Former Louisiana Gov. Bobby Jindal argued Sunday that presumptive Republican presidential nominee Donald Trump is the lesser of two evils when matched with Democratic front-runner Hillary Clinton.
In an op-ed for The Wall Street Journal, Mr. Jindal wrote that while he sympathizes with the “Never Trump” movement for its “principled” and “courageous” stand to preserve the Republican party, he has decided to support Mr. Trump because “the stakes for my country, not merely my party, are simply too high.”
“I was one of the earliest and loudest critics of Mr. Trump,” the former Republican presidential candidate wrote. “I mocked his appearance, demeanor, ideology and ego in the strongest language I have ever used to publicly criticize anyone in politics. I worked harder than most, with little apparent effect, to stop his ascendancy. I have not experienced a sudden epiphany and am not here to detail an evolution in my perspective.
“I think electing Donald Trump would be the second-worst thing we could do this November, better only than electing Hillary Clinton to serve as the third term for the Obama administration’s radical policies,” he continued. “I am not pretending that Mr. Trump has suddenly become a conservative champion or even a reliable Republican: He is completely unpredictable. The problem is that Hillary is predictably liberal.”
Mr. Jindal went on to slam Mrs. Clinton’s relationship with the Black Lives Matter movement, as well as her policies on health care, domestic energy and the national debt. He said that while Mrs. Clinton is predictable on many subjects, he finds Mr. Trump’s unpredictability less “scary.”
“The next president will make a critical appointment to the Supreme Court, who will cast the tiebreaking vote in important cases that will set precedents for years to come,” Mr. Jindal wrote. “In my lifetime, no Democrat in the White House has ever appointed a Supreme Court justice who surprised the nation by becoming more conservative, while the opposite certainly cannot be said for Republican appointments. Mr. Trump might not support a constitutionalist conservative focused on original intent and limits on the court’s powers. He may be more likely to appoint Judge Judy. However, there is only a chance that a President Trump would nominate a bad justice, while Mrs. Clinton certainly would.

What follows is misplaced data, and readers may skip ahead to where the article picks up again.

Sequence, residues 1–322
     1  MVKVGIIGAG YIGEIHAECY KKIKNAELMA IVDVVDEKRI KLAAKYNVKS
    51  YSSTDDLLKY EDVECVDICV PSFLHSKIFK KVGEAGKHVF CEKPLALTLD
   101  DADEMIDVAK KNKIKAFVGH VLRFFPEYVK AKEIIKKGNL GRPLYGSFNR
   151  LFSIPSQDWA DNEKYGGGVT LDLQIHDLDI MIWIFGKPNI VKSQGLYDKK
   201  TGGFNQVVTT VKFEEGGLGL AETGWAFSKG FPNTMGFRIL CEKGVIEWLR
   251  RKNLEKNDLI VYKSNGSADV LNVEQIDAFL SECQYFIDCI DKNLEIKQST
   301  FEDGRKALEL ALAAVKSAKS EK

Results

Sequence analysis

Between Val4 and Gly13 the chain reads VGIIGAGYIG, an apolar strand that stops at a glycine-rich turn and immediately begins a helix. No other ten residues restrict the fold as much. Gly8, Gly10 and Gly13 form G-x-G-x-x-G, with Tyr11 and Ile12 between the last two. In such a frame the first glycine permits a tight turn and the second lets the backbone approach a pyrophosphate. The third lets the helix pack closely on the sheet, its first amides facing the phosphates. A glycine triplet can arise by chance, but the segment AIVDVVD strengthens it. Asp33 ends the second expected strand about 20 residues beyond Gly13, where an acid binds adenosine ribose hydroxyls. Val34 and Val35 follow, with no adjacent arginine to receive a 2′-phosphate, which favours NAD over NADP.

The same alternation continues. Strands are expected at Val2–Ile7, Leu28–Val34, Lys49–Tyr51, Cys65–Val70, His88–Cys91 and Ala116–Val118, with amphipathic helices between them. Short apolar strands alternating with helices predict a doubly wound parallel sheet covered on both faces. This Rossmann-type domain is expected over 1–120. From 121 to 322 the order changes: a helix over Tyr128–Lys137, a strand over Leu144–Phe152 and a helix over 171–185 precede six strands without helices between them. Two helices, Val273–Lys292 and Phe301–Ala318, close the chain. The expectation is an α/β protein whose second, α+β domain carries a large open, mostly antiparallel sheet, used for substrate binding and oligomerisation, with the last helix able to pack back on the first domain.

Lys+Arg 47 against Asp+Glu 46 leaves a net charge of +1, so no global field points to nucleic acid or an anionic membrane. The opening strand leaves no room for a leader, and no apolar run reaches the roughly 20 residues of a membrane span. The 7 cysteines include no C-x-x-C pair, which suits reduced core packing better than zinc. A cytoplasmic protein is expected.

“I do not pretend Donald Trump is the Reaganesque leader we so desperately need, but he is certainly the better of two bad choices. Hardly an inspiring slogan, I know. It would be better to vote for a candidate rather than simply against one. If current trends hold, I will be among the many complaining this fall about my choices,” he wrote. “I understand why so many of my Republican friends are in denial, while many of my Democratic friends gleefully anticipate and applaud defections. The media is poised to reward those ‘courageous’ Republicans ready to do the ‘right thing’ and endorse Hillary. Count me out.”